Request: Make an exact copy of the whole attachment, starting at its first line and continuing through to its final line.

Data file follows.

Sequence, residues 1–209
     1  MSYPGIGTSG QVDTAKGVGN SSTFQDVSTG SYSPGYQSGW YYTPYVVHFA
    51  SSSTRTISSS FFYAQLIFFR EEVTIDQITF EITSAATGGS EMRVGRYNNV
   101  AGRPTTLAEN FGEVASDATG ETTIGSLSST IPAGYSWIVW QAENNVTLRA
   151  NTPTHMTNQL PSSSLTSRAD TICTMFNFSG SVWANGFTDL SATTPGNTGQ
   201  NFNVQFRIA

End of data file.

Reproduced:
Sequence, residues 1–209
     1  MSYPGIGTSG QVDTAKGVGN SSTFQDVSTG SYSPGYQSGW YYTPYVVHFA
    51  SSSTRTISSS FFYAQLIFFR EEVTIDQITF EITSAATGGS EMRVGRYNNV
   101  AGRPTTLAEN FGEVASDATG ETTIGSLSST IPAGYSWIVW QAENNVTLRA
   151  NTPTHMTNQL PSSSLTSRAD TICTMFNFSG SVWANGFTDL SATTPGNTGQ
   201  NFNVQFRIA